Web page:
Thailand’s health minister lashed out at “Western” tourists on Friday for not wearing face masks and suggested they be expelled from the country for putting others at risk during the coronavirus outbreak.
The outburst came as the kingdom faced steep losses over a drop in visitors from China, where the virus has killed more than 600 people and prompted sweeping travel restrictions.
Tourism accounts for 18 percent of the country’s gross domestic product and Chinese holidaymakers make up a quarter of total arrivals.
Thailand has detected 25 coronavirus cases and nine of those patients have recovered, while streets, public transport and shopping centres have filled with people wearing face masks.
Health Minister Anutin Charnvirakul was distributing masks at a busy Bangkok skytrain entrance when he complained that “farang” tourists didn’t take them and acted as if they “don’t care”.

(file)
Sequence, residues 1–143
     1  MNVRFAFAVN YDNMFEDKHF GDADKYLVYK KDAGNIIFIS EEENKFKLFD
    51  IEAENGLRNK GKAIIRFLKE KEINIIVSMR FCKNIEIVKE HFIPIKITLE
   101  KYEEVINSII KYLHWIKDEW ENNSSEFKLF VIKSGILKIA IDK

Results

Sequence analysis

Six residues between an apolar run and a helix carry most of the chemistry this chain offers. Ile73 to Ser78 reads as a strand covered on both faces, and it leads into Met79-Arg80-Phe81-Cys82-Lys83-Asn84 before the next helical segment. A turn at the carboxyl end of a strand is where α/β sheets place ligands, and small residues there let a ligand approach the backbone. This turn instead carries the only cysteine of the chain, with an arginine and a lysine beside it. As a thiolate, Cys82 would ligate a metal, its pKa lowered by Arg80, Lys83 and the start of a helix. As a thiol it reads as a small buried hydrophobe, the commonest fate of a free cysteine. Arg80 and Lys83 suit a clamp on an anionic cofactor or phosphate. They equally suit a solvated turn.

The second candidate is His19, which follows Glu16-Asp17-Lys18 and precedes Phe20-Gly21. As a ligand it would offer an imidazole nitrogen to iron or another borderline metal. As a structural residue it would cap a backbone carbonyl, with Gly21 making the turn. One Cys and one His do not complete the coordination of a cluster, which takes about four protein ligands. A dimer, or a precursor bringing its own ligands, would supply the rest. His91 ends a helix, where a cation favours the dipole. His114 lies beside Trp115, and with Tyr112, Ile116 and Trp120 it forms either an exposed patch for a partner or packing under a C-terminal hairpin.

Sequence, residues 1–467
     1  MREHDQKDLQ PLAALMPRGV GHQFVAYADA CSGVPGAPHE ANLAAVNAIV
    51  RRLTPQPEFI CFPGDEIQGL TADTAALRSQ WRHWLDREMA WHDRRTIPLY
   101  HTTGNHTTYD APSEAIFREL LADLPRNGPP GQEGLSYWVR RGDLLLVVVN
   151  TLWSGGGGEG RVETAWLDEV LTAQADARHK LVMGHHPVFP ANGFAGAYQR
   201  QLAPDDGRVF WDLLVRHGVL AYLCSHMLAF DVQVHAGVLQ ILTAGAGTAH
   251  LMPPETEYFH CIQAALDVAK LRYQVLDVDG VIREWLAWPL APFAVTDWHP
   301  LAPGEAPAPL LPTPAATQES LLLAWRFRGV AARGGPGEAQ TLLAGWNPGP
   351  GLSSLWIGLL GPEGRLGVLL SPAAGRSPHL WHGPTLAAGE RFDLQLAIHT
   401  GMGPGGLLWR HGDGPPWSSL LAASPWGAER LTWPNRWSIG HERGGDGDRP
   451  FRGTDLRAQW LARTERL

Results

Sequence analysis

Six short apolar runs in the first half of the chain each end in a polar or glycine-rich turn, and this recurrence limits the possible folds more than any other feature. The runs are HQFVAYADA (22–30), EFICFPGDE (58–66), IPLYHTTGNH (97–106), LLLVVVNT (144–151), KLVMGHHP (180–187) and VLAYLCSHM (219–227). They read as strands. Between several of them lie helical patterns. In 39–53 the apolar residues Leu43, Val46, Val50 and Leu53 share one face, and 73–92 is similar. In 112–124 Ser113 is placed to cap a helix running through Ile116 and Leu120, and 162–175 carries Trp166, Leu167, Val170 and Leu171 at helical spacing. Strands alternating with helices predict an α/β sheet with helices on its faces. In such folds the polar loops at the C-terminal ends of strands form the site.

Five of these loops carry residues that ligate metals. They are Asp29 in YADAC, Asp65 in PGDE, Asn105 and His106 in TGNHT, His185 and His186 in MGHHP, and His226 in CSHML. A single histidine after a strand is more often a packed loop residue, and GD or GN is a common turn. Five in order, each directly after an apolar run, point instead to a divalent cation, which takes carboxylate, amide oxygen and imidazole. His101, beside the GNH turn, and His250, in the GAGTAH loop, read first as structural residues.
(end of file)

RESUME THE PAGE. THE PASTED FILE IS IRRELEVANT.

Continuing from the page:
Farang is a commonly used Thai word to describe Westerners and is sometimes used dismissively.
“These kinds of people, we should kick them out of Thailand,” he told reporters, waving a handful of masks in the air.
Anutin did not respond to additional requests for comment but posted an apology on his Facebook page for “losing it” after “some foreigners from Europe” were uncooperative in the mask campaign.
More than 10 million Chinese tourists visited Thailand last year but the industry projects about two million fewer arrivals in 2020 because of the coronavirus, making US, European and other markets more vital.
Debates over the efficacy of masks have bounced around the internet since the contagion first emerged in the Chinese city of Wuhan last month.
Since then it has spread to more than two dozen countries and infected tens of thousands, mostly within mainland China.
Health experts generally agree masks are useful if you have respiratory symptoms or are caring for patients.
But the World Health Organization’s own Thailand office tweeted a graphic on February 4 stating masks are “not needed for general public who do not have respiratory symptoms”.
The WHO has advised people to wash their hands regularly and avoid touching their face.